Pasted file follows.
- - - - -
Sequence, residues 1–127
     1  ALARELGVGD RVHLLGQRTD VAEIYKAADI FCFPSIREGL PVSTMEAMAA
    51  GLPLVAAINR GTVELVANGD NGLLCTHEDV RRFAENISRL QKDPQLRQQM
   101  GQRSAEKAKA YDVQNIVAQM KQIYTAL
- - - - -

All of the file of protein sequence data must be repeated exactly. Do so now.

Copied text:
Sequence, residues 1–127
     1  ALARELGVGD RVHLLGQRTD VAEIYKAADI FCFPSIREGL PVSTMEAMAA
    51  GLPLVAAINR GTVELVANGD NGLLCTHEDV RRFAENISRL QKDPQLRQQM
   101  GQRSAEKAKA YDVQNIVAQM KQIYTAL